It was something I never considered doing before, but extenuating circumstances have compelled me to live in a hotel for the last two weeks—maybe longer. (Of course, I’m not going to divulge the myriad reasons why I’m living in a hotel. I’ll leave that to the reader’s imagination). It’s a transitory existence I only imagined once fleetingly while watching Gene Hackman in The Royal Tanenbaums years ago. Eccentricities and extenuating circumstances aside, it has been quite nice living in room 201. Frankly, it will be hard to leave.
1. I never have to clean up after myself, ever. This is something I’ve been dreaming about for a long time, but didn’t know it was possible. Sure, if you have the money you can afford a housekeeper once a week, but everyday!? I wake up in the morning and get ready to go to work, paying little attention to the disorder I’ve created in my room. When I return in the evening, the room is miraculously clean. Everything’s clean! The bed’s made, fresh towels, clothes sorted, and trash taken away. It’s something we’ve all experienced when at a hotel for a day or two—but for weeks? My laundry was done and folded today for Christsake! It’s unbelievable. (Though something so good is destined to be temporary, right?)
2. Breakfast is ready for me every day. The first morning here I sat down in the empty dining room and the guy at the front desk whipped me up a cappuccino and took my order. I thought he was joking, but it was all “free”—I mean, included. (I like to think of breakfast as “free” because it takes the pain out of knowing I’m paying for this place by the day—more on that later). Because I was the only soul in the banquet room, I felt like Louis XIV in Versailles. The first few times, I felt a bit pampered and guilty. After ample time here, it has become the norm. Breakfast is laid out and ready. Coffee is brewed. Fruit and vegetables chopped and displayed. Everyday. It’s ridiculous.
3. A brief, regular dose of friendly attention. As documented by many a 20th century writer, human loneliness is part of the dilemma of our modern existence—but not at this hotel! Imagine a kind and welcoming staff that greets you upon every entry and exit to your residence (Never mind they’re being paid for it). From day one till now, upon entry, I have friendly Bulgarians to talk to on my way in and out. Sure, their first language is Bulgarian, but we can communicate just fine with a few basic phrases and primitive gestures (It might even be better this way). I feel guilty because I don’t know any of the staff member’s names, but they know mine. They also know my room number by heart and how many days I’ve been here. They know how much beer I’ve consumed; where I shop. I don’t think they know much else about me, but I assume they now refer to me as “The weird American guy with a beard who lives in room 201.” I haven’t actually heard them say that, but they give me that look a lot.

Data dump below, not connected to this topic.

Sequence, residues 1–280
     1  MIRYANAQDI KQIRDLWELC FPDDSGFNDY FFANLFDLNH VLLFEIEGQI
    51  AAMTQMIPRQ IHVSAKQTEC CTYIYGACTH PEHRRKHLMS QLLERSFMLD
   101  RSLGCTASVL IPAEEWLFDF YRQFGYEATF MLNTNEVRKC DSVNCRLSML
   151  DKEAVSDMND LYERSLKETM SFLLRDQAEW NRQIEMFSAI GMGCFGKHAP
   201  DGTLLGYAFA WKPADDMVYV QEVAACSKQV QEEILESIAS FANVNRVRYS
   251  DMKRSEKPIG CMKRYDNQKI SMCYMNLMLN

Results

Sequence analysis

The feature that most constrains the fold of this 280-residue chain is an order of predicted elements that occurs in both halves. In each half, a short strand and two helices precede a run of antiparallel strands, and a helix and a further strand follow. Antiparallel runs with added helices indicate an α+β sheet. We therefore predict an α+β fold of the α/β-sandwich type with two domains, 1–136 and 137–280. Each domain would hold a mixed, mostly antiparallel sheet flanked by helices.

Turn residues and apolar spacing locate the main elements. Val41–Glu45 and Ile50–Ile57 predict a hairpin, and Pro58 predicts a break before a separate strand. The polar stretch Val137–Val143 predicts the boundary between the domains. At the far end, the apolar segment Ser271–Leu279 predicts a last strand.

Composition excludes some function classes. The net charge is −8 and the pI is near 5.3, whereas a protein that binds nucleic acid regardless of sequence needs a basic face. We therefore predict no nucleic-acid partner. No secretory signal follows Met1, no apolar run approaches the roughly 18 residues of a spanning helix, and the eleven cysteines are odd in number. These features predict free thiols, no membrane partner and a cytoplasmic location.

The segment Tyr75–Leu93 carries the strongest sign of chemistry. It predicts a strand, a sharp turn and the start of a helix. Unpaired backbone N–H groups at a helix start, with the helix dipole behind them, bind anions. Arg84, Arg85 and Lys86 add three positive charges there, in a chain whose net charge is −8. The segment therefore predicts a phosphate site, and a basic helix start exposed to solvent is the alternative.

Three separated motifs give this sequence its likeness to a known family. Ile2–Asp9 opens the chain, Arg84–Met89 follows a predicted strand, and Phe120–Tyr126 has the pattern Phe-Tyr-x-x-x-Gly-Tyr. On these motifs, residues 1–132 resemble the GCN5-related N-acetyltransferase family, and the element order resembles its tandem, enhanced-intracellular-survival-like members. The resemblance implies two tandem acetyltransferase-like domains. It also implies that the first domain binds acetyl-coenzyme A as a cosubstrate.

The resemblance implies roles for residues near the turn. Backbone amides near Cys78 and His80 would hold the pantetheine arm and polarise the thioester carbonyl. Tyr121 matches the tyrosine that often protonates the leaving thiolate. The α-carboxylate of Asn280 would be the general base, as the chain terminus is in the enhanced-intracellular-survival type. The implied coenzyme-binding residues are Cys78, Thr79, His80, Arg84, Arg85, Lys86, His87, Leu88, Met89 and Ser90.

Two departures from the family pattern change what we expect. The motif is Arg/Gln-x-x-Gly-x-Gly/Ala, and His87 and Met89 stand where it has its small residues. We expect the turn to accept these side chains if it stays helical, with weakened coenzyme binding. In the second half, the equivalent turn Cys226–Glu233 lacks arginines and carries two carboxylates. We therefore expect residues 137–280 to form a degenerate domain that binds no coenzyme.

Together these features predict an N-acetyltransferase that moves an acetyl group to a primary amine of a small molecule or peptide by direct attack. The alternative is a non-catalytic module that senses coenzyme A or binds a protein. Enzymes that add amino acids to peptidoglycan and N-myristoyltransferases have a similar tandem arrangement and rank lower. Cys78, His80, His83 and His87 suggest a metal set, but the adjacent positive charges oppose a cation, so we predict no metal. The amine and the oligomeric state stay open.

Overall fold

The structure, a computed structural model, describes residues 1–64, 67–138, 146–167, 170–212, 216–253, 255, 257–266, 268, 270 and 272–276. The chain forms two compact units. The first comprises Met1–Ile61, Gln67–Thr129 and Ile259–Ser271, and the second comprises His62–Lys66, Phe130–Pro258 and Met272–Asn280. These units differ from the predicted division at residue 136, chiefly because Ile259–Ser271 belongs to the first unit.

4. In my royal, Wes Anderson imagination, I own this place. The great thing is, I am seemingly the only guest here. Thus, it creates the illusion that I am the lone Gatsby character in a very large, semi-luxurious abode with my own personal staff. I have been served meals on the patio, on the rooftop deck, and in the dining room (Of course, I realize the friendly staff here is only doing their job). Tonight I smirked at the waitress as she served me because I felt a bit silly being the only one in the restaurant. She smiled back, somehow acknowledging that I’m leading a strange and spoiled life—but at least I recognize it. Sure, room service is standard at a hotel, but I seem to have earned odd privileges as the lone, foreign guest. Because the staff all knows me now, there is no need to pay for the bill after dining. I can just eat and walk away. I can put in an order as I pass the front desk. Everything is charged to my room. I can go to the sauna and indoor pool after hours now because they trust me. So why wouldn’t I—at certain moments—imagine that I own the whole place?
5. The Price Breakdown. Yes, in this case, you can’t beat the price. It may be hard to believe, but this place costs 30 euros ($39) per night! So, if my apartment cost $1,000 per month, that’s roughly $33 per night—which doesn’t include free breakfast, free TV-internet, daily cleaning service, and pool/gym/sauna access. Yes, I mentioned a pool. This is actually a “spa hotel”: sauna, jacuzzi, pool, gym, and massage parlor. I haven’t opted for the massage treatment though because I’m not yet so delusional that I wrongly believe that I have tons of money to throw around. The only issue with the wanna-be Gatsby life is the occasional loneliness and the fear that while I’m lazily floating in the pool, some disgruntled, jealous man might shoot me in the back when I least expect it.
How is this $39 luxury hotel possible? I really don’t know, but I assume that it’s some kind of mafia front because there’s no way that this place makes any money off its guests.
Aside from the cheapness, the recent kicker has been the beautiful hiking trail I discovered 100 meters behind the hotel. Tall trees, lots of green, and rippling creeks. I also recently discovered the rooftop bar that’s never open. It has a gorgeous view of Sofia and I’m glad it’s been closed during my time here. It means that I can bring up my own drinks and camp out with no questions asked.
This is one of the many reasons I have extended my stay in this hotel.